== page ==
Futbol Club Cincinnati are not even a year old but they’re already getting bigger crowds than most MLS teams. What is the secret of their success?

When Bjorn Knudsen talks, the whiskers from his eyebrows and beard poke out of his orange, full-body suit. When Knudsen walks, his father, Chip, holds him by his shoulders, helping him keep balance and walk straight.

“No curb,” Chip says when they cross a street, making sure Bjorn doesn’t stumble.

Bjorn, with a massive bass drum strapped to his chest, begins beating the drum while others are chanting. “How can you see the drum?” someone shouts.

Bjorn, Chip and 150 others are marching just under a mile from Mecklenburg Gardens, a quaint corner bar, toward Nippert Stadium — the home to what’s quickly becoming America’s most fascinating new club.

Just over nine months ago, Futbol Club Cincinnati became the city’s latest attempt at professional soccer. Nine months later, FCC have become the most notable club in the United Soccer League — American soccer’s third tier — and has moved up the list of clubs campaigning to join Major League Soccer, a competition openly looking for new markets.

In their second home match on 19 April, FC Cincinnati had 20,497 fans attend a 3-2 loss to Louisville City FC, the team’s geographic rival. The attendance was a league-record (the previous high was 20,231 set by Sacramento Republic FC), dwarfing USL’s average of 3,369 in 2015. There are no more comparisons to other clubs; rather, there are other clubs comparing themselves to Cincinnati.

A club for the people, created by the businessmen
Perhaps the most impressive feat during FC Cincinnati’s rapid growth has been their ability to truly represent the full spectrum of soccer supporters in the area. While The Bailey, the club’s official supporters section, waves massive blue-and-orange flags and ignites smoke bombs, other sections of Nippert Stadium seat young families and casual fans attending just to witness the city’s latest craze.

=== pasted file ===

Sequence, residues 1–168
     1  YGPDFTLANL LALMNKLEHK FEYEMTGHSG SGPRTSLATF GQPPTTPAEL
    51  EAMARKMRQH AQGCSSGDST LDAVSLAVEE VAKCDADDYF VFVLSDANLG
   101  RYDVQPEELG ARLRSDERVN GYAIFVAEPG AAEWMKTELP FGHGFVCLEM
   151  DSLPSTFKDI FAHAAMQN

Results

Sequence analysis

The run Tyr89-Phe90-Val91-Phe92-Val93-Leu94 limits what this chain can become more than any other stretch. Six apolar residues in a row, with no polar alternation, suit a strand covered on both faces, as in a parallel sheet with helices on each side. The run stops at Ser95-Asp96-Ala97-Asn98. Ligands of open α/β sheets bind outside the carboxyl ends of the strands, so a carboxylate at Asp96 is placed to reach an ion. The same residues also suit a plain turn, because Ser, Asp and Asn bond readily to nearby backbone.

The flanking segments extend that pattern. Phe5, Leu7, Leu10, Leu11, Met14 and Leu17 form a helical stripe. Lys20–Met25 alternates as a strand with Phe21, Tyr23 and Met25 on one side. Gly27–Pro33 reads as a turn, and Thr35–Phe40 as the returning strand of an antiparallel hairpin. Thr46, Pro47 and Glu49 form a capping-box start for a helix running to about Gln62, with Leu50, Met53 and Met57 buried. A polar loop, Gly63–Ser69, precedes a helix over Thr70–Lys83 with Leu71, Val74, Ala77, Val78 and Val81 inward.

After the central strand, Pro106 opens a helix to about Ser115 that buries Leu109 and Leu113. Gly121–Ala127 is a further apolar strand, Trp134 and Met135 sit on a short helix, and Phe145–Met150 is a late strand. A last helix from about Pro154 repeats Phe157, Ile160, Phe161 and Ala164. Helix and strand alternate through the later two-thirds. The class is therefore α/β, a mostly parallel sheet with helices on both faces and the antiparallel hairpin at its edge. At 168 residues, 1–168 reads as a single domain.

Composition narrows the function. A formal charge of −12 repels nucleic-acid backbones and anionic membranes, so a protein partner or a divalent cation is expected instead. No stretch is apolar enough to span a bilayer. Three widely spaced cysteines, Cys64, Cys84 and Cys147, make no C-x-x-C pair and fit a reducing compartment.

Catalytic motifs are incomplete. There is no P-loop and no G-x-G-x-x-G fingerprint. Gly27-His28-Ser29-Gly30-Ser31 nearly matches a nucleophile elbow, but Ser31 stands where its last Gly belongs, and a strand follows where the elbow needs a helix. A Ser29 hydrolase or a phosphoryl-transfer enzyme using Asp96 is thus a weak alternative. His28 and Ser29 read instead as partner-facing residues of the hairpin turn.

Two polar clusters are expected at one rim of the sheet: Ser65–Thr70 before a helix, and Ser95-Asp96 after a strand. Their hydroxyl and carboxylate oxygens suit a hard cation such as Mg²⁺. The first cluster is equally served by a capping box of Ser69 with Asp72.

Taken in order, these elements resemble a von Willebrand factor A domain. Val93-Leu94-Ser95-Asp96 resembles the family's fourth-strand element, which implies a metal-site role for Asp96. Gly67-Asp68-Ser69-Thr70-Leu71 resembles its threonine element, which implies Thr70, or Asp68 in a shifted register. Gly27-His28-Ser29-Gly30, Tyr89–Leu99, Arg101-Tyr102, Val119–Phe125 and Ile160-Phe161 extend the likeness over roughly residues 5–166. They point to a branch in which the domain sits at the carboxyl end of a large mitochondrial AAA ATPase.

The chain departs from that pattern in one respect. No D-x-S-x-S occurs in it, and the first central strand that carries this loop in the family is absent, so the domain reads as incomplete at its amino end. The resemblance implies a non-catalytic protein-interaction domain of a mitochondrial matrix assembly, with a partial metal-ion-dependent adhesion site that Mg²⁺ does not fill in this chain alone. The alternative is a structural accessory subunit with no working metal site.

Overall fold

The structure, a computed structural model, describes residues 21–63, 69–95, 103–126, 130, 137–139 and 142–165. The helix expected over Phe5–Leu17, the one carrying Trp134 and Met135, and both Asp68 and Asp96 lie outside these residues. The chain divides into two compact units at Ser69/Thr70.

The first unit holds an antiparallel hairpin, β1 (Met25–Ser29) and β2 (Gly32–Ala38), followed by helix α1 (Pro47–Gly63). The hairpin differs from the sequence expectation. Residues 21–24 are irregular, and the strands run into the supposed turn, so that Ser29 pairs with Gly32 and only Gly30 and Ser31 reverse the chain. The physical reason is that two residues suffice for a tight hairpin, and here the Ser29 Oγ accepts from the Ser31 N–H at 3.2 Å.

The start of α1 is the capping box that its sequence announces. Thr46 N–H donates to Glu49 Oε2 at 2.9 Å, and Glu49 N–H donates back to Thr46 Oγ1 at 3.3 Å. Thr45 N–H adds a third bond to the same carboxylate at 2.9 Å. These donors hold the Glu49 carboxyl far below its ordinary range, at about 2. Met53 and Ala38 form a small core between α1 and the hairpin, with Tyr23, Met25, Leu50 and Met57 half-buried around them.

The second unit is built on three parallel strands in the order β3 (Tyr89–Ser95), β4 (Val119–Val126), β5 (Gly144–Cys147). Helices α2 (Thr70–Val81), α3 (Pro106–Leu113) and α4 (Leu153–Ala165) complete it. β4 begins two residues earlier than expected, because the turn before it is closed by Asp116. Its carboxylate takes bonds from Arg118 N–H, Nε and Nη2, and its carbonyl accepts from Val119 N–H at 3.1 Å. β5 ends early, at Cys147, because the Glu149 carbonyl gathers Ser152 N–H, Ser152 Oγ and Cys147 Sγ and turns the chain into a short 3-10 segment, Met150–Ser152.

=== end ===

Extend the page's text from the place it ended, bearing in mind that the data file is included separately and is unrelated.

Essentially, the club have created a massive community through a grassroots effort, despite having an owner and CEO, Carl H Lindner, who comes from a family of billionaires.

“We have a pride in this town,” says the club president and general manager, Jeff Berding. “We’re a major-league community. People rally around us to support their teams, sometimes with a chip on our shoulders.”

FC Cincinnati want attention, and the leaders of the club have provided fans with meaningful gestures. When the team have played on the road, both Lindner and Berding have gone to local bars in the city and across the Ohio River to Covington, Kentucky, to meet fans.

Combined with strong marketing and a community feel, FC Cincinnati are set to be the city’s long-term professional soccer team. And it’s a welcome addition for fans. In 2015, the Cincinnati Saints played in the National Premier Soccer League, the fourth tier, to an average of 200 fans. While there were passionate supporters, there wasn’t a sustainable strategy for growth.

Chip Knutdsen, who used to go to Saints matches, said the team overcharged for tickets and underproduced on the pitch. The Saints folded and became the Dayton Dynamo, now playing in the NPSL.

FC Cincinnati, however, have decided on a different tactic to the Saints, by offering cheap tickets to college students and children. Fans can also request that 20% of their ticket sale go to local youth soccer organizations.